When I got to the RER station I had no clue where to go so I went over to a ticket agent and told him I needed to get to the Paris Est station. He told me I had to go to Platform whatever, and then stared at me.
"Uhh...okay...do I need a ticket or something?"
People. The dude literally threw a ticket at me through the little slot and told me it would be €1,80.
Alright then. I threw some money at him through the slot (treat others how you want to be treated and all) and off I went....annnnnd almost got on the wrong train because hey, why not put a random platform with no additional signage to other platforms on it? But I was smart and realized the stops on the screen for the train I almost got on did not match the train I needed to be on, and I managed to find my platform quickly after that.
I was a bit hesitant though, and asked the first friendly looking person I saw if he spoke English (and he did!) and then asked if the train from that platform would take me to Paris Est. This guy was so nice too. I learned after about 10 seconds at the airport that people either didn't speak English, or didn't want to speak English, so I really was lucky that this guy was nice and spoke English. (And bad on me for knowing 0 French.)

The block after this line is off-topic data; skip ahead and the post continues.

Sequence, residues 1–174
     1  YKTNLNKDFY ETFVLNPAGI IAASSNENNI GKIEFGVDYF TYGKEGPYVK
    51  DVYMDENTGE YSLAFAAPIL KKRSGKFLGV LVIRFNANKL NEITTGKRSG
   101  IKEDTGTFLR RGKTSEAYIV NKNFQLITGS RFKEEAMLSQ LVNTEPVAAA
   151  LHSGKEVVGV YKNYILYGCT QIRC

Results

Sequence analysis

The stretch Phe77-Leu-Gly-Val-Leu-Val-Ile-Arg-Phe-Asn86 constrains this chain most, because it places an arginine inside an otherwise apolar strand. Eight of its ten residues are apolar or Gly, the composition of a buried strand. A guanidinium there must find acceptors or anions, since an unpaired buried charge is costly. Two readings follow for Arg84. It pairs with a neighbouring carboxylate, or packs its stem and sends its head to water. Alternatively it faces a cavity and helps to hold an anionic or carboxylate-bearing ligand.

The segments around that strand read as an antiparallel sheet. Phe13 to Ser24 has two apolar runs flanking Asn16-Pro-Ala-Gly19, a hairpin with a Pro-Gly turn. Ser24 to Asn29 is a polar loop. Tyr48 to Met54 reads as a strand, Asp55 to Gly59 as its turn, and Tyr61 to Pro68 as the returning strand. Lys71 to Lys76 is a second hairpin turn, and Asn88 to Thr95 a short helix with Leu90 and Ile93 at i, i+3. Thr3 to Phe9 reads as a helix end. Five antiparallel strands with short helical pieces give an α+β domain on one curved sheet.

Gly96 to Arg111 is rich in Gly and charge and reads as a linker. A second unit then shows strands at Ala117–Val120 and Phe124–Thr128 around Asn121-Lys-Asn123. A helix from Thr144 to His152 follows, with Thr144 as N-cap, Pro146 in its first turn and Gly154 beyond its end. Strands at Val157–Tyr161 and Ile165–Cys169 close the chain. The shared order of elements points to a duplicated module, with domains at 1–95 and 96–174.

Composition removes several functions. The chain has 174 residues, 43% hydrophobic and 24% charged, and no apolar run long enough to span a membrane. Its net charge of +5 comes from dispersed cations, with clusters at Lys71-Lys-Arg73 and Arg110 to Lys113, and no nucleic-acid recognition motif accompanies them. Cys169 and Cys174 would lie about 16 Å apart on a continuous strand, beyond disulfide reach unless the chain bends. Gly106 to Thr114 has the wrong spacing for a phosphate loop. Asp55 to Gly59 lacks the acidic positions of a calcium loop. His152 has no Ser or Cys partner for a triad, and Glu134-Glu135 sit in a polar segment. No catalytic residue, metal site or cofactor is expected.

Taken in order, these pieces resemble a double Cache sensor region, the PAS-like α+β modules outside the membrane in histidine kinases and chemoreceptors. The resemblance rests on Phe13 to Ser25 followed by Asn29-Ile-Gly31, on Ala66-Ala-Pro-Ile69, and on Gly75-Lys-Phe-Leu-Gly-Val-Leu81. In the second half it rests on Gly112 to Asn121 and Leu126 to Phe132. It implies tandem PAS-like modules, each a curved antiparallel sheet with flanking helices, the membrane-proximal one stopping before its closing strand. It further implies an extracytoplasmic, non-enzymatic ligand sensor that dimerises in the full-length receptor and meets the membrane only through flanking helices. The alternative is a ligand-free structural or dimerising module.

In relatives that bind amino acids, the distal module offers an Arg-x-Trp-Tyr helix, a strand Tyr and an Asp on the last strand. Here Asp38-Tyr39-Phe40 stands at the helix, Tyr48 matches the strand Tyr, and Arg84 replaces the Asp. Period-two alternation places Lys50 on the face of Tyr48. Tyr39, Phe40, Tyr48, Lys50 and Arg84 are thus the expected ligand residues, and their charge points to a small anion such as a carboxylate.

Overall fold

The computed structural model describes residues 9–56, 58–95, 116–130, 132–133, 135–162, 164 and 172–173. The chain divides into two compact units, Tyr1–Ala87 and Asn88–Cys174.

Anyways, he confirmed that I would get to the right place, and we ended up sitting near each other on the train as well. Before he got off he told me, "You have 9 stops left - good luck on your trip!" which I thought was above and beyond. So at least that left me with a decent experience on the RER!
From some helpful blog: "Gare de l'Est (East Station) is one of the biggest and oldest (est. 1849) rail stations in Paris."